Tennessee junior quarterback Justin Worley (14) throws a touchdown pass early in Saturday's game at Oregon. That gave the Vols an early lead, but they lost 59-14 and coach Butch Jones said Monday the quarterback competition is open this week.Photo by Associated Press /Chattanooga Times Free Press.
KNOXVILLE — Three games into the season, Tennessee appears to be reopening its quarterback competition.
Whether that decision by first-year coach Butch Jones and his assistant coaches yields a new starter for Saturday's Southeastern Conference opener at Florida won't be known until the Volunteers complete a week of practice.
Justin Worley has been largely ineffective for Tennessee's transitioning offense, and though the blame can't be placed solely at the junior's feet, his job status now looks to be up in the air.
"Just like any position in our program, it's open, and whatever quarterback has the best week of practice will be the starter for Tennessee when we play Florida," Jones said at his weekly news conference Monday. "If that means a freshman quarterback, that means a freshman quarterback. We'll have more quarterback run into the package this week, and we need to find ways to generate big, explosive plays.
"If that's Josh Dobbs running the read option, or Riley Ferguson, that's what we'll do, but we have to create big plays, and that's going to be a focus in preparation this week."
Should the Vols make a change, redshirt freshman Nathan Peterman or one of the true freshmen, Ferguson or Dobbs, would be making his first college start in a hostile road environment against one of the SEC's top defenses.
It's a tall order to ask of a first-time starter, but Jones showed last year at Cincinnati, where he made a quarterback change when the Bearcats were 6-2, that he'll play who he believes gives his team the best chance of winning.
Worley may show that's still him, but Peterman, who was on the field for Tennessee's second touchdown drive in garbage time of Saturday's 59-14 loss at No. 2 Oregon on Saturday, and Ferguson, who has the strongest arm of the quarterback quartet, appear to be next in line ahead of Dobbs, who worked with the scout team last week.
"We may open it up and give more repetitions," Jones said. "Obviously we have to prepare the guys to play in the game ... but you have to earn your spot each and every week. We'll see what the freshmen can handle.
"I think Nate Peterman continues to progress along. It's 6 a.m., and he's the first person in the building every single day. He has a great grasp and knowledge, and I continue to see him getting better. I think Justin's getting better, but I just think competition is healthy, and it's going to be a week-to-week process of who can manage the process the best."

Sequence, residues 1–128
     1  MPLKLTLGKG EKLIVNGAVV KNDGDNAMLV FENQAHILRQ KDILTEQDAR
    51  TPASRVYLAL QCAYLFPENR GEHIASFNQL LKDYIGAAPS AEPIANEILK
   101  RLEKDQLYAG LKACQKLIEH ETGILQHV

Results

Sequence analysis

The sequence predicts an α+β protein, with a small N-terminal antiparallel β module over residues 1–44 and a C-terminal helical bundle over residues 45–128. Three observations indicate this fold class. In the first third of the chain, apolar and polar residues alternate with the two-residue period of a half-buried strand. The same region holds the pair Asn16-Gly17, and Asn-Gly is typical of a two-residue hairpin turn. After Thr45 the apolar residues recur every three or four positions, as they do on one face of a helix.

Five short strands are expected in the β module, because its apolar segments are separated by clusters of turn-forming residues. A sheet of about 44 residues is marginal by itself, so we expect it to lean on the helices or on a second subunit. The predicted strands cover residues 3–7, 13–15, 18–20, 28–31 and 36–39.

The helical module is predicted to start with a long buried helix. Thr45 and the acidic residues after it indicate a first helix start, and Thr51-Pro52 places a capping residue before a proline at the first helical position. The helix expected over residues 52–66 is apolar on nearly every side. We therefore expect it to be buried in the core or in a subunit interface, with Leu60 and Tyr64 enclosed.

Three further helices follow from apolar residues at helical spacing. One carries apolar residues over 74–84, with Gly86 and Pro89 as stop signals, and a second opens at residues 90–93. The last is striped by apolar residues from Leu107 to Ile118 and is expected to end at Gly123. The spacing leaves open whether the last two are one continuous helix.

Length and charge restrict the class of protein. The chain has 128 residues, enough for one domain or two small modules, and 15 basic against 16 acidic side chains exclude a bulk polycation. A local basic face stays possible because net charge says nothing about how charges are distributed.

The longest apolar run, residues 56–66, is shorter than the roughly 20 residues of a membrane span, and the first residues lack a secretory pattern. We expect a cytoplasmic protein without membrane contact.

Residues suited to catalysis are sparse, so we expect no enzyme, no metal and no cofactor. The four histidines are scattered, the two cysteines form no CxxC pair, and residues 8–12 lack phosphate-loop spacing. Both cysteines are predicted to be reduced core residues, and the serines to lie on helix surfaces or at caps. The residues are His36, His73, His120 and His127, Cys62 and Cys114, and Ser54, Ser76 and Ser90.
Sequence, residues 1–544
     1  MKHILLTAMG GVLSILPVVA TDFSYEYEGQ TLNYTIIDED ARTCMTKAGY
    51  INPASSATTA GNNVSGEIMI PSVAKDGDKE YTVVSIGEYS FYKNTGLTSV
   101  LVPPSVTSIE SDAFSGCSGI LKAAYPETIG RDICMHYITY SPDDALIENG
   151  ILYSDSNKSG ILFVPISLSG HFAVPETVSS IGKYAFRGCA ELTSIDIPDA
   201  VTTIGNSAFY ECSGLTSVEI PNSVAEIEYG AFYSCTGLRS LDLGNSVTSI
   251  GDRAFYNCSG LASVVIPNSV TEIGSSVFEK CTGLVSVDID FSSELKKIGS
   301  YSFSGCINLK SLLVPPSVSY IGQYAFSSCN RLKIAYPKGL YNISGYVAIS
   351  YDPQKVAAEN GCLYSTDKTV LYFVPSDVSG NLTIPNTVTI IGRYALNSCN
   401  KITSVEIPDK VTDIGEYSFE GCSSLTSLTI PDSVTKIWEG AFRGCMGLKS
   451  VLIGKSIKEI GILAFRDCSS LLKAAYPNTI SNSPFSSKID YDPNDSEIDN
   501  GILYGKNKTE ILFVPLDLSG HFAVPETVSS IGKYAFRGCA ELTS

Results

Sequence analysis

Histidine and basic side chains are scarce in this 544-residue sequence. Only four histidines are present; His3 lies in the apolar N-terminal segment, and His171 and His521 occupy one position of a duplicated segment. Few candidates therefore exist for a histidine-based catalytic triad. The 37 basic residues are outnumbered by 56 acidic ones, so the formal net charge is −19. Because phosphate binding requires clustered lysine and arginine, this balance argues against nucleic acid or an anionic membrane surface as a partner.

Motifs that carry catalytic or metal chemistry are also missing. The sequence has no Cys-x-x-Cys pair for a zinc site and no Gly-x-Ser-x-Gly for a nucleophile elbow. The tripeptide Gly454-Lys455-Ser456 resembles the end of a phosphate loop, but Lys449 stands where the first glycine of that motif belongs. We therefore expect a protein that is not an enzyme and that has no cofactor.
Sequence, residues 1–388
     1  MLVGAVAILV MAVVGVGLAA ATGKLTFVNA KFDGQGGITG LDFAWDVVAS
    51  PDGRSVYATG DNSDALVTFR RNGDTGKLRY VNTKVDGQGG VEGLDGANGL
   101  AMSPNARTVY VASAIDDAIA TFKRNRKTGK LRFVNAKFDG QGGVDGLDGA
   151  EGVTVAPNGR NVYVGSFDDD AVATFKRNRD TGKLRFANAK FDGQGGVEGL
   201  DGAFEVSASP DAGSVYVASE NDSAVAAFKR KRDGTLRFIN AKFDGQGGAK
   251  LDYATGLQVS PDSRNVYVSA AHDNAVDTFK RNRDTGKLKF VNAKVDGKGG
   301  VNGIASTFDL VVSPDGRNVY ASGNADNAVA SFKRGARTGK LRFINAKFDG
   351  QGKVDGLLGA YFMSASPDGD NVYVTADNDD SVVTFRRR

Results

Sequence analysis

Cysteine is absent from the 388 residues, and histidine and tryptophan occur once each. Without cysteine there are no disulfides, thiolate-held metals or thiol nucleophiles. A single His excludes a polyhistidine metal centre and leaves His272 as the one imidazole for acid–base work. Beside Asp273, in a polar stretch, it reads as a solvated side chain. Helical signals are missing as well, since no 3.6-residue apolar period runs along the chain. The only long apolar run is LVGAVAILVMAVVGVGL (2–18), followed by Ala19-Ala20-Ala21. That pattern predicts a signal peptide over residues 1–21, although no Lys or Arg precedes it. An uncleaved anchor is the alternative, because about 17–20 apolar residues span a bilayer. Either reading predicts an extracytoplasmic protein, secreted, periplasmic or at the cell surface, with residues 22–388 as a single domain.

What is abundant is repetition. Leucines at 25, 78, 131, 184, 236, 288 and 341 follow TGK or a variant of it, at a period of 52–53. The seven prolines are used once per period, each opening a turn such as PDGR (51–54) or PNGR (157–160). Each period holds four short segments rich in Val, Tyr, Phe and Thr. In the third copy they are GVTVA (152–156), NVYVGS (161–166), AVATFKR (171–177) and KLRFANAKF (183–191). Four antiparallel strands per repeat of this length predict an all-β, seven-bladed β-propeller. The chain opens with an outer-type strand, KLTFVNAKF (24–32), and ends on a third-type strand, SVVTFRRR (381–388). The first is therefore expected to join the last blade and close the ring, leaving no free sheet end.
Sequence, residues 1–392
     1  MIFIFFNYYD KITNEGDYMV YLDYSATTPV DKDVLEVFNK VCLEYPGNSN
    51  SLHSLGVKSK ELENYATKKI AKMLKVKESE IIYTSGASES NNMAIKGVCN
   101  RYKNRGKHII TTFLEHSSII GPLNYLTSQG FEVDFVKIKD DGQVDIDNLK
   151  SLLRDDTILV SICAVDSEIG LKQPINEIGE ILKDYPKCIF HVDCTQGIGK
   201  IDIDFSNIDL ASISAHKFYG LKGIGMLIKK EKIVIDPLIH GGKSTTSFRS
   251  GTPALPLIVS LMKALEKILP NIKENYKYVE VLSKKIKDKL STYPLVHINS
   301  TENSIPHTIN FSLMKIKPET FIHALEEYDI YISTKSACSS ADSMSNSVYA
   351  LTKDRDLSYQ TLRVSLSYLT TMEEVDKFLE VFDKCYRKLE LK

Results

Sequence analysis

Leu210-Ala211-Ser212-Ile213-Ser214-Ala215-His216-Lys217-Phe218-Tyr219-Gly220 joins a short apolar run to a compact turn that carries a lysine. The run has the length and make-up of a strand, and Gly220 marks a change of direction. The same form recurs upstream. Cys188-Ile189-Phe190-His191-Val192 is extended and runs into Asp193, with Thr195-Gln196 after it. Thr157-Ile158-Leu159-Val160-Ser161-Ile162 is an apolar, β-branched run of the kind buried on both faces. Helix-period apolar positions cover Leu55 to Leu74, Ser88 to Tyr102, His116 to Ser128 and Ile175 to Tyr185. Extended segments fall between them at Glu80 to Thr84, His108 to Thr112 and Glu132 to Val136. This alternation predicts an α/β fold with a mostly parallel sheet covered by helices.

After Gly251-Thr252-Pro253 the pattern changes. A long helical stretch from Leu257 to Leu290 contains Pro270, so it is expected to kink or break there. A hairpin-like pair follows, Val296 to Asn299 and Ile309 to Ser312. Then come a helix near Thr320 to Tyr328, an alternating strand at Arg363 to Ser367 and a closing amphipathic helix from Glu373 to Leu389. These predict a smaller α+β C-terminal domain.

Against Western Kentucky and Oregon, Worley, who's had most of the first-team repetitions since Jones arrived, completed 24 of his 44 passes for 268 yards and two touchdowns with one interception. He's struggled with his accuracy and missed on some throws, and Tennessee is tied for 104th nationally with just eight plays of 20 or more yards.
Jones' offense typically uses quarterbacks who are running threats, and Worley is fourth in that category among the Vols' foursome. He had runs of 11, 11 and 6 yards in the opener against Austin Peay, but he's registered only one rush in the past two games. Jones said Worley has the luxury of pulling the ball in the Vols' zone-read running scheme.
The Vols' receiver haven't helped with drops and the inability to get open consistently, and Oregon was able to generate pressure on Worley throughout Saturday's game.
"Everyone wants to look for the quarterback, but the receivers paint pictures for the quarterback," Jones said.
"It's been really hard to judge the quarterback," he added, "just because of all the moving parts and pieces and the different dynamics that we're going through [at receiver]."
Worley has thrown only one interception and shown good command of the offense from a management standpoint. The Vols haven't had avoidable penalties and unnecessary timeouts with him at quarterback. On the road against Florida, those things could be valuable assets.
Jones, though, wants Worley to be more assertive, and he wants a certain flair from whoever is the quarterback.
"I'm talking about going back there and trusting what you see, throwing him open, understanding if the reception point is at 12 yards that's where the ball's going," the coach explained. "I think a number of times what Justin has done is he has waited for the receiver to become open, then he's throwing the football. Anticipatory skills from a quarterback, that's what separates great quarterbacks.
"That's more what I'm looking for and what we're looking for as a staff and what we're looking for in our quarterbacks -- just that aggressiveness, kind of that arrogance. Every great quarterback has that about themselves. They have that it factor."
Contact Patrick Brown at firstname.lastname@example.org.
Patrick Brown has been the University of Tennessee beat writer since January 2011. A native of Memphis, Brown graduated from UT in May of 2010 with a bachelor’s degree in Journalism/Electronic Media and worked at the Knoxville News Sentinel for two years on the sports editorial staff and as a freelance contributor. If it’s the NBA, the NFL or SEC football and basketball, he’s probably reading about it or watching it on TV. Contact him ...
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